Another deadly terrorist attack killing up to 60 people has struck a Pakistani city.
A truck laden with a tonne of explosives crashed into the front entrance of Islamabad's Marriott Hotel.
The hotel was packed with Pakistanis attending various meals to break their Ramadan fasts.
The timing of the attack - during the last 10 nights of Ramadan - could not have been more sacrilegious. Even pre-Islamic Arabs regarded the month of Ramadan as sacred, a time when tribal wars would cease.
Yet for Islamist terrorists, no time is too sacred to pursue their ends through bloodshed. Thus far this year, Pakistan has been the subject of more suicide attacks than Afghanistan or Iraq.
In the West, too many self-styled terrorism "experts" want us to forget that this latest attack is yet another reminder that the vast majority of victims of Islamist terror are themselves ordinary Muslims.
Allegedly conservative cultural warriors often claim that law enforcement and anti-terrorism agencies maintaining good relations with representatives of ethno-religious communities and preventing acts of terrorism are mutually exclusive.
The recent conclusion of Australia's largest terrorism trial in Melbourne showed the evidence of these community members proved crucial in the prosecution's case.
In fact, if a recently leaked British intelligence report is any indication, it seems Muslim extremists drawn to terrorism have as little knowledge of Islam as their non-Muslim (and too frequently anti-Muslim) cultural warrior equivalents.
British media recently detailed a leaked briefing report by MI5's behavioural science unit which contradicts many widely held assumptions on why some young people are attracted to fringe theologies and extremist violence. The report looked at several hundred people "involved in or closely associated with violent, extremist activity".
Most had secular upbringing, lacked religious literacy and engaged in irreligious behaviour including drinking and taking drugs. It said "we cannot make assumptions about involvement in terrorism based on the colour of someone's skin, their ethnic heritage or their nationality".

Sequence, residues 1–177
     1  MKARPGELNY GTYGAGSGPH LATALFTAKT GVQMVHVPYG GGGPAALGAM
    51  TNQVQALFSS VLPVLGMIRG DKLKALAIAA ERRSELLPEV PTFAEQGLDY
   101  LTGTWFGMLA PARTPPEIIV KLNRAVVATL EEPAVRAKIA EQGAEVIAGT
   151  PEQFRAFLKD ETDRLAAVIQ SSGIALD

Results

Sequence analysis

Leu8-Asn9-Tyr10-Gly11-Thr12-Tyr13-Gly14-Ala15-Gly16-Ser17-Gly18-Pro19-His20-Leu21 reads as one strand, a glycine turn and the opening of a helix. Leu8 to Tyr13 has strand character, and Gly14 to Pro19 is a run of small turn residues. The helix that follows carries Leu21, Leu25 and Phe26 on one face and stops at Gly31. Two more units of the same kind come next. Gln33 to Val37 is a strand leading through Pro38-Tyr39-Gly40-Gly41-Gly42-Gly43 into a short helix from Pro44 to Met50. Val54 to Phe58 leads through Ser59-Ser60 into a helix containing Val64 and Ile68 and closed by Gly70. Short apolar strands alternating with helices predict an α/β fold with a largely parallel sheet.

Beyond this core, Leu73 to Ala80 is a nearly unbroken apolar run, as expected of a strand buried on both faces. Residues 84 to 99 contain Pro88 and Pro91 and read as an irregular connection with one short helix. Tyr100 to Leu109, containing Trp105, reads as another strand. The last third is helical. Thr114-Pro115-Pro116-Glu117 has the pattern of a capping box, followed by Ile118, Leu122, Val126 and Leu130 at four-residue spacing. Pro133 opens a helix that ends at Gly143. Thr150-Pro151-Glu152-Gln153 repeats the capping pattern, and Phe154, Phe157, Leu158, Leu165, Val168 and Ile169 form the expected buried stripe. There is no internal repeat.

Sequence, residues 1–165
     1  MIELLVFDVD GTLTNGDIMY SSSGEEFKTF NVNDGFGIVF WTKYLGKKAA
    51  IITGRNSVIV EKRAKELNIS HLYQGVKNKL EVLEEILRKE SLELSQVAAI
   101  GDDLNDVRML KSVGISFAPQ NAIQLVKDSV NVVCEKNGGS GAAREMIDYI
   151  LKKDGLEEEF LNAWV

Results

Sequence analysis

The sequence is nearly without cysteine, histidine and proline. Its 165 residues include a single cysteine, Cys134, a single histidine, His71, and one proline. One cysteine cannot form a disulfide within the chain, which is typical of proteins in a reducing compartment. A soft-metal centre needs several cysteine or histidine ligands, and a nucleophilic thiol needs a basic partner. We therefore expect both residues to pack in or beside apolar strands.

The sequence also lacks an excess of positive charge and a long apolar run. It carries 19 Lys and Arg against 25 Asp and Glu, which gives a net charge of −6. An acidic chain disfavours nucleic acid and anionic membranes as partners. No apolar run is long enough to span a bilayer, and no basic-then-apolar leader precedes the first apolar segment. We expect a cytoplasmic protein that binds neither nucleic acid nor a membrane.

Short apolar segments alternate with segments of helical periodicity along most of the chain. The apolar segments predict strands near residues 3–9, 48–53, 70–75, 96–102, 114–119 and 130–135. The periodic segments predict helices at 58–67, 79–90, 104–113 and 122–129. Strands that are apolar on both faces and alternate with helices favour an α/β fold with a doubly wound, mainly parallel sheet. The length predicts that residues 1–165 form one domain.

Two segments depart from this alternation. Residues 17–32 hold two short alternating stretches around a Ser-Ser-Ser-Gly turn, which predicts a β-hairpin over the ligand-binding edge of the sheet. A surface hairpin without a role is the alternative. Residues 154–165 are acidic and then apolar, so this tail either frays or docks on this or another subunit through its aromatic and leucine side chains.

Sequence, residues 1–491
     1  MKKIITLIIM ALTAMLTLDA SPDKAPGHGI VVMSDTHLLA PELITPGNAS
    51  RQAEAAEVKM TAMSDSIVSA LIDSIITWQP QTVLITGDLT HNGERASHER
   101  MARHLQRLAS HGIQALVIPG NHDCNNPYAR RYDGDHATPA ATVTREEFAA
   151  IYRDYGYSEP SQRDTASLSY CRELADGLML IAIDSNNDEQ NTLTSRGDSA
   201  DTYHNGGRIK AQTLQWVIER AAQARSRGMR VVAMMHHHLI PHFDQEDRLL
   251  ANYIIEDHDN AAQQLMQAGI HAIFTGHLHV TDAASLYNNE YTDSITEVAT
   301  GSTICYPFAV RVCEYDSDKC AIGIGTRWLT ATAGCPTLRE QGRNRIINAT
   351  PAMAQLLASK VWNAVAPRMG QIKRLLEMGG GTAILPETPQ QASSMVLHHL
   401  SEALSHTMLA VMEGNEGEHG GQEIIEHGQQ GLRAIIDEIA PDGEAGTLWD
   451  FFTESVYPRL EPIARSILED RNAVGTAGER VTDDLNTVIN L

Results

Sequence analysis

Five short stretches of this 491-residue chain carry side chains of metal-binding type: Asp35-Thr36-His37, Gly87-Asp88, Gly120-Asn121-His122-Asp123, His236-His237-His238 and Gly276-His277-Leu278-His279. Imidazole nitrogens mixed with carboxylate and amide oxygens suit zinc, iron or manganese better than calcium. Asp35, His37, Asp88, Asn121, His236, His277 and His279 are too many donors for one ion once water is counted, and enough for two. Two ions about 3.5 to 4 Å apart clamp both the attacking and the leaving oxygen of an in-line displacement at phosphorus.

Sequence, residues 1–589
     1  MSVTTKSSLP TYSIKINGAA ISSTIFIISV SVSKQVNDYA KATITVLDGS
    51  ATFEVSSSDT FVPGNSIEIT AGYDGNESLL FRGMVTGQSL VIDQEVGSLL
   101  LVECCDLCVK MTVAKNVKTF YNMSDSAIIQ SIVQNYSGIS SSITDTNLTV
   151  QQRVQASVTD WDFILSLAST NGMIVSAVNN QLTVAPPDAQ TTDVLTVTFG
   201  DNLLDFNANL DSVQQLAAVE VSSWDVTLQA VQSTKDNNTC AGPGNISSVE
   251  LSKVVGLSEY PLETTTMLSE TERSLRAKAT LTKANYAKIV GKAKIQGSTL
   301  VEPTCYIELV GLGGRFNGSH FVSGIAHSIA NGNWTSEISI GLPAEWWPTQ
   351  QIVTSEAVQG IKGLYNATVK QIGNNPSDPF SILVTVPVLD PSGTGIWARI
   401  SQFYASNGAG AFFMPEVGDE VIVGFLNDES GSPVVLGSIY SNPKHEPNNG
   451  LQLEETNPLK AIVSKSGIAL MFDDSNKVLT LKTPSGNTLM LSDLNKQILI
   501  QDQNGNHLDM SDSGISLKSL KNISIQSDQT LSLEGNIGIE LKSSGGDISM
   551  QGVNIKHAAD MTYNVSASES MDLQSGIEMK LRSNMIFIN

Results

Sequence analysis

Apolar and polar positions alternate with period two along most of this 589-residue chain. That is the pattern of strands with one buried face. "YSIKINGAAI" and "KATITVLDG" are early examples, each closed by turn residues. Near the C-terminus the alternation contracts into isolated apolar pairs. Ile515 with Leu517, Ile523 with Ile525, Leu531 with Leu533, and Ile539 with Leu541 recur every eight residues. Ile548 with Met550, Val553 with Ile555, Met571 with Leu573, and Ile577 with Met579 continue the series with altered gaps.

Sadly, broader community discussion is less nuanced, advocating a "King Herod" approach influenced by a tiny number of cultural warriors and sectarian bigots.
Such voices cast negative aspersions on some 1.3 billion Muslims that they would never cast on any other faith or cultural group. By marginalising ordinary Muslim citizens, the cultural warriors are helpful to the likes of Osama bin Laden.
Still, we mustn't live in denial. So much of today's terror happens in the name of Islam. But we must always ask the question, whose Islam?
Is it the religion of the first London bombing victim to be buried, the 20-year-old bank clerk Shahara Islam who bore the name of the religion in whose misguided service terrorists killed her and 51 other innocents?
Modern theocratic Islamist ideologues promote worshipping a political ideology, not a divine being. They occupy the theological fringe, most knowing little of 14 centuries of development in the theological, spiritual and legal sciences forming the corpus of mainstream Islam.
To claim men like bin Laden represent mainstream Islam is as ridiculous as alleging Christianity is represented by the likes of Radovan Karadzic.
As congregations, communities and nations, we must join hands to fight the cancer of terrorism. Terrorist bombs don't discriminate on the basis of race or religion.
* Irfan Yusuf is a Sydney lawyer currently writing Once Were Radicals, a book exploring how young Australian Muslims of his generation navigated into and out of political Islam.